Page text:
Korto Lomell sells food in Monrovia.

(WOMENSENEWS)–Massa Cousli knows what it’s like to run behind trucks loaded with goods, waiting for the moment something drops off, and then scramble to claim it as merchandise to sell.

That’s because she’s a "market woman," an umbrella term in Liberia encompassing all types of street vendors and petty traders.

More than a decade of civil war sharply increased the number of households headed by such women, many of whom lost husbands and relatives during the civil war that raged from 1989 to 2003.

Without skills and education, often their best option was selling in the marketplace, from the surplus goods on their farms, locally grown produce and other food items purchased from small farmers, or whatever else they could round up.

"Being a market woman means walking a long, long way barefoot, suffering," Cousli, an informal leader of market women, said last summer at a gathering at the New York Ethical Society in New York. "We had to carry guns on our heads for the rebels. During the war, market women were raped and became widows because our husbands were killed."

Since the election of Liberian President Ellen Johnson Sirleaf, whose grandmother was a market woman, the term "market woman" has become one of political respect and gratitude. That’s because many of these women made names for themselves during the civil war by marching and negotiating for peace. They provided pivotal campaign support to Sirleaf.

After her 2005 election, Sirleaf began thinking of ways to pay the market women back.

Within months, a group of international supporters of Liberia and Africa gathered in New York to work on launching a fund for the market women. Its purpose: raising money for a national rebuilding of the markets, which serve as multi-purpose social centers, providing day care facilities, schools and clinics.

In 2007, its first operational year, the Sirleaf Market Women’s Fund raised $1.2 million and attracted contributions from the United Nations Development Program and the United Nations Development Fund for Women and other donors. That year it also renovated nine markets, established a Web site and promotional video.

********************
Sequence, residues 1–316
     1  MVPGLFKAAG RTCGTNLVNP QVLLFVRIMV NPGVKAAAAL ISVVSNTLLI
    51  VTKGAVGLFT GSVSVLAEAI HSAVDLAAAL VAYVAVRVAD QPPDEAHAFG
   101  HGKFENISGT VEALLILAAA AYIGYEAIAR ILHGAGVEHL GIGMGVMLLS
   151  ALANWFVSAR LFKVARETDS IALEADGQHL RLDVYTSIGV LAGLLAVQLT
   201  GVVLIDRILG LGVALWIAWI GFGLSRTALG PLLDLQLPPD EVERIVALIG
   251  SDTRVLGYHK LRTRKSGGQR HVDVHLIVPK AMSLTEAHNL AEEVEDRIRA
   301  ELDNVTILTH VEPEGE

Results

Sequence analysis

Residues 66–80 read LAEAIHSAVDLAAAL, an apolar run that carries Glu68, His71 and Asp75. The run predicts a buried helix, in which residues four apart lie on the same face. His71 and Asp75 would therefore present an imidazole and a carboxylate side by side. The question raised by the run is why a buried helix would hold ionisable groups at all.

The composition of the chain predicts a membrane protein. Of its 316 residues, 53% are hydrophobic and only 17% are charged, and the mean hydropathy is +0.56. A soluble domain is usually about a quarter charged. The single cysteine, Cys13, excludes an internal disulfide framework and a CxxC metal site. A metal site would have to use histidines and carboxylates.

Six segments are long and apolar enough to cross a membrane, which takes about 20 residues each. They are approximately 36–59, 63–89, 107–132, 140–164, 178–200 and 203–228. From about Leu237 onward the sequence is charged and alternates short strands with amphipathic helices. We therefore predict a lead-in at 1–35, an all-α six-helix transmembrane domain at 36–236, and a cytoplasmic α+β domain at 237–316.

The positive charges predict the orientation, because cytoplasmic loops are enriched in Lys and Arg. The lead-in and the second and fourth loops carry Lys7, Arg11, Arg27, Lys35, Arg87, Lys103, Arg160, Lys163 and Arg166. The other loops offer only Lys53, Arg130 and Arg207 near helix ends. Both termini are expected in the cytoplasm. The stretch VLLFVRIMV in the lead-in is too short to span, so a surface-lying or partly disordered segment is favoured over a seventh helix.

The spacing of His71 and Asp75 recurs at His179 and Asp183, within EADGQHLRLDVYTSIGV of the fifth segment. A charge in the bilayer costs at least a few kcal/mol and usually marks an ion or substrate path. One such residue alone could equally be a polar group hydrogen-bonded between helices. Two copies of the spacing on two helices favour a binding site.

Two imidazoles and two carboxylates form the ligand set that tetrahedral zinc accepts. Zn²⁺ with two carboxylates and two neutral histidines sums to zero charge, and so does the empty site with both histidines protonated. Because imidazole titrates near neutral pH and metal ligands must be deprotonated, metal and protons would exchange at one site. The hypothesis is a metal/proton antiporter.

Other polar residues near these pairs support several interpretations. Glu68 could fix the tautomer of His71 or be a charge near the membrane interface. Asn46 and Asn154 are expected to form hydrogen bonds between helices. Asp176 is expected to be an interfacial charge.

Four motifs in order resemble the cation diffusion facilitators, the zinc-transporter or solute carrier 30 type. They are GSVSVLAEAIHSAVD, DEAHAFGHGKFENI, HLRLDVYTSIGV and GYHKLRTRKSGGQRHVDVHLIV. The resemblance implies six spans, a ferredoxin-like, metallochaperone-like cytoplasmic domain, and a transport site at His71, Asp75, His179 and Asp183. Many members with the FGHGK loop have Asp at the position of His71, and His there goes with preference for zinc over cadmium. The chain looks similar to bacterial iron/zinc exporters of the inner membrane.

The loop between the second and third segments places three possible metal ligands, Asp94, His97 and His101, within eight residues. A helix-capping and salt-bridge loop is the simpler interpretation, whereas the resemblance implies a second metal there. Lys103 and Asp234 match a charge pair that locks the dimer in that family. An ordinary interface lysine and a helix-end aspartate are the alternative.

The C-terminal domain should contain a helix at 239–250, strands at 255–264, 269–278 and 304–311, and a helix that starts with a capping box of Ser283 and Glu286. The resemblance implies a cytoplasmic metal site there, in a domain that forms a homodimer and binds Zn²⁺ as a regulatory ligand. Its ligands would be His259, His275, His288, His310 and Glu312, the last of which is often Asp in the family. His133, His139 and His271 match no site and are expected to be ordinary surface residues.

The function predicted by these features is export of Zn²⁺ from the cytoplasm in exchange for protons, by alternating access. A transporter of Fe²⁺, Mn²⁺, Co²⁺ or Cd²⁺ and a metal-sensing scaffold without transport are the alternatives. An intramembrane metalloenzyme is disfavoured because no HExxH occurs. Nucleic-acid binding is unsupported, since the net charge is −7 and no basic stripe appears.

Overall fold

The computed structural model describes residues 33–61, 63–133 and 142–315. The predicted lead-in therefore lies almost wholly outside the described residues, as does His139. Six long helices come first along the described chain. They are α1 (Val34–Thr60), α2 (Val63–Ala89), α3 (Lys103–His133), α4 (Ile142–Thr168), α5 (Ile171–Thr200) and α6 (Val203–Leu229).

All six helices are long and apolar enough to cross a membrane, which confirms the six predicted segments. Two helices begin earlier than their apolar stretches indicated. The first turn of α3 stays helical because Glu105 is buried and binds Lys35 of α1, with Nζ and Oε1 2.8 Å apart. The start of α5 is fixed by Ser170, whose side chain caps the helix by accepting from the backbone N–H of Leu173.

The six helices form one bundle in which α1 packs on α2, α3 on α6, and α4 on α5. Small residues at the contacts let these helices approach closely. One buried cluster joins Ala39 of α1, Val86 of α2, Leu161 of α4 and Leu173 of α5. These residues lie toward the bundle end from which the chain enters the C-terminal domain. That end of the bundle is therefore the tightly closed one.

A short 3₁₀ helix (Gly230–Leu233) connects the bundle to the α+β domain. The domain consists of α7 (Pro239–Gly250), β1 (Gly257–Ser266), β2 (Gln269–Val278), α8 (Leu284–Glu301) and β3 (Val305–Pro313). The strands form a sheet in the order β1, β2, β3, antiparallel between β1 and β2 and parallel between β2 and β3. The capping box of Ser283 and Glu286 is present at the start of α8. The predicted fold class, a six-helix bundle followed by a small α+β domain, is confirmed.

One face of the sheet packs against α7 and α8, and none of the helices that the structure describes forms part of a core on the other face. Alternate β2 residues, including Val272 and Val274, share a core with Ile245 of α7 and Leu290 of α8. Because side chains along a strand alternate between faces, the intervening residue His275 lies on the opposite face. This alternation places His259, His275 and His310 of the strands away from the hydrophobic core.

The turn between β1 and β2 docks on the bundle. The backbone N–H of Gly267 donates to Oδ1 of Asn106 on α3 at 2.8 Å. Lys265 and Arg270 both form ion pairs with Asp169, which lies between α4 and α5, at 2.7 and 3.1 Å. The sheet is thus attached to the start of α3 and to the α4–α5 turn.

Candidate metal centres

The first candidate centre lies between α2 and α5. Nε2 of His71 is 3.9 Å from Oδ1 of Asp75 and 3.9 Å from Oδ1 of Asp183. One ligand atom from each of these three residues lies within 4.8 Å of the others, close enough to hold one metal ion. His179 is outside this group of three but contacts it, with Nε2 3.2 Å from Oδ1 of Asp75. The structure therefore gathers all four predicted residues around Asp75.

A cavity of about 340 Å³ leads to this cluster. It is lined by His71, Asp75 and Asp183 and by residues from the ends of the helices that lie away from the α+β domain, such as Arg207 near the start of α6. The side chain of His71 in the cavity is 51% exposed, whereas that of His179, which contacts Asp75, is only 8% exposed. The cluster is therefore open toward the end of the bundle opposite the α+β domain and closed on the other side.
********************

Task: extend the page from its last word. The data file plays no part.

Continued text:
Summer Outreach to Donors

Last summer, Cousli, who works out of the Frog Island Market, one of the first in the nation’s capital Monrovia that was rebuilt after the civil war, was at the New York event to help Liberia’s president increase donor interest with an "Adopt a Market" campaign.

"Tonight we want to say thank you to the women who have borne the brunt of the difficulties the country faced," Sirleaf told her New York audience last summer. "Institutions became dysfunctional. It was the women who went out to look for food. It is the market women who worked to get me elected. They left the markets and went into the villages and prayed and campaigned for me and gave money from their meager earnings. I owe my success to the market women."

Sirleaf said the women were not asking for much. "They just want to be able to sit in a place where they could have a stall, a place to store their food so there is no spoilage, so they can earn enough money to send their children to school and the little kids that go to the market with them can go to preschool nearby while they do their work."

The Sarah Blakely Foundation, based in Atlanta, and the Global Fund for Women, based in San Francisco, wound up among the donors who came forward after the event.

As the global economy worsened last year the new fund managed to raise around $600,000, less than its $1 million target.

Philanthropy Still Has a Pulse

"Giving is moderately dead, but not completely," says Libby Bassett, a spokesperson for the Sirleaf Market Women’s Fund.